International Classification of Diseases (ICD)

The International Statistical Classification of Diseases and Related Health Problems, 10th Revision (ICD-10) is used by the ABS to code causes of death. The International Classification of Diseases (ICD), produced by the World Health Organisation (WHO), is the international standard diagnostic classification used to classify diseases and other health problems recorded on many types of health and vital records including death certificates and hospital records (WHO 2007).

In 1994 the Australian Health Ministers Advisory Committee (AHMAC) established a committee to oversee the implementation of the tenth revision of the ICD in Australia. The ABS worked in conjunction with the Australian Institute of Health & Welfare (AIHW) and the National Reference Centre for Classification in Health (now known as National Centre for Classification in Health - NCCH) to ensure standard and appropriate implementation of the classification throughout mortality data. The ABS continues to work closely with NCCH and the Australian Institute of Health and Welfare to ensure correct and consistent interpretation of the classification by the ABS. The use of the ICD as the standard classification contributes greatly to the overall coherence of the ABS causes of death collection.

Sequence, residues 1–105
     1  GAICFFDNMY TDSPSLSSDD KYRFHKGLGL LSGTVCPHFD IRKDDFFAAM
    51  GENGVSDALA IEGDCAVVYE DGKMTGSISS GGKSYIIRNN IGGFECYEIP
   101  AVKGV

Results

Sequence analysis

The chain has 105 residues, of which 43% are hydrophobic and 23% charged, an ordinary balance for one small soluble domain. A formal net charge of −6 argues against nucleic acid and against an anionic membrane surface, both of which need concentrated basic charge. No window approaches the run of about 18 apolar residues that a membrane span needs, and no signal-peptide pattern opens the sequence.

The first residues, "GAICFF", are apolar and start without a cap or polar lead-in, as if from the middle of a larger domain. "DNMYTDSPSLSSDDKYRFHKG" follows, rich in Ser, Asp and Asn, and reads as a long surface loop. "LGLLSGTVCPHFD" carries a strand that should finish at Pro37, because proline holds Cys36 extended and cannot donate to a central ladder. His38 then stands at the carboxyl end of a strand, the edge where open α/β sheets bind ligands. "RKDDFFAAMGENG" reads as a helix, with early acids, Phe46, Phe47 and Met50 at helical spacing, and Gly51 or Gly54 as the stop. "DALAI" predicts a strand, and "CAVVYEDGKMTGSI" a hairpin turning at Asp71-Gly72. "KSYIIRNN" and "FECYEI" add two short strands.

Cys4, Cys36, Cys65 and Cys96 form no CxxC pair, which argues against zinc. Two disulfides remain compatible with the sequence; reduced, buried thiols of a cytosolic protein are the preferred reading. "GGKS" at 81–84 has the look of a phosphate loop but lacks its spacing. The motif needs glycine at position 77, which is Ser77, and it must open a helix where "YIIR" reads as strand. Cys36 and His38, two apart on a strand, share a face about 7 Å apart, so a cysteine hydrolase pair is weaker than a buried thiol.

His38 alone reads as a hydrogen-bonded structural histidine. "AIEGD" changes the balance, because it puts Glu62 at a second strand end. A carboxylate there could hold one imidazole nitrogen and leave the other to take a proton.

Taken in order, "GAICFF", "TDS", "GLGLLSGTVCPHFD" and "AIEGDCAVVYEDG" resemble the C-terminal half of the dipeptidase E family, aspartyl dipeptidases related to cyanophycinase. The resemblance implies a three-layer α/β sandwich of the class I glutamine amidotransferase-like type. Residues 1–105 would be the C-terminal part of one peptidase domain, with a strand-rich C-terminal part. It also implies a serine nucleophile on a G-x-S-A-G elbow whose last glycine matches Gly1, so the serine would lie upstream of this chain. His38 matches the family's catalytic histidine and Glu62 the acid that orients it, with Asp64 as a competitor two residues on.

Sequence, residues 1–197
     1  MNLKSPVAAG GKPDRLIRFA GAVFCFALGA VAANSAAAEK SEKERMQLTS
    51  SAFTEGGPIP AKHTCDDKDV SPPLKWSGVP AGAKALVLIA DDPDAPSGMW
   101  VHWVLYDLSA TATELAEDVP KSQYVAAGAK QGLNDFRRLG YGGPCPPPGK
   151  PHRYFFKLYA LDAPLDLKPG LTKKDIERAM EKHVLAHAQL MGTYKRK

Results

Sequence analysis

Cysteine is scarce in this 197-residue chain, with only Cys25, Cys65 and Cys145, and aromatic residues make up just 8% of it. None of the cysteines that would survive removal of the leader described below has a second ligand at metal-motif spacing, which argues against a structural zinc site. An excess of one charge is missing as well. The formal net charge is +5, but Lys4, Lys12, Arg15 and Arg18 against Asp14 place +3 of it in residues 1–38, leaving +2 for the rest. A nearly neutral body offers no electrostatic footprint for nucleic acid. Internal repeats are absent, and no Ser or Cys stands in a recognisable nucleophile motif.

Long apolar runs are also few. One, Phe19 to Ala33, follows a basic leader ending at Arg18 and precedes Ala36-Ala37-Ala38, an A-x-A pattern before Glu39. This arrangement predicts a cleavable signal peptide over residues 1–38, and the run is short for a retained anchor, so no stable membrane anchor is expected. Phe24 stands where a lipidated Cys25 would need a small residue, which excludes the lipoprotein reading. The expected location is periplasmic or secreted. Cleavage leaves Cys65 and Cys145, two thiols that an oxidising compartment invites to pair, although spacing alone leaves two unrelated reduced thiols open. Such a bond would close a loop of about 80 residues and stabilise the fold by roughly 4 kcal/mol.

Automated Coding System

The ABS processes around 140 000 deaths annually, using an automated coding system (ACS). The Mortality Medical Data System (MMDS) allows the classification of multiple causes of death in accordance with the current version of the International Classification of Diseases (ICD). This result in the coding of every condition mentioned on a death certificate as contributing to the death.

The ABS implemented the MMDS system during 1997, after considerable research and testing using ICD-9 (WHO, 1975) and the subsequent introduction from 1999 for ICD-10 (WHO, 1984). The two previous years of data (1997 and 1998) were “back coded” in ICD-10. All deaths occurring within Australia, registered from 1 January 1997, have been multiple causes coded, in ICD-10.

Three main programs make up the MMDS software suite: SuperMICAR, MICAR200, and ACME/TRANSAX.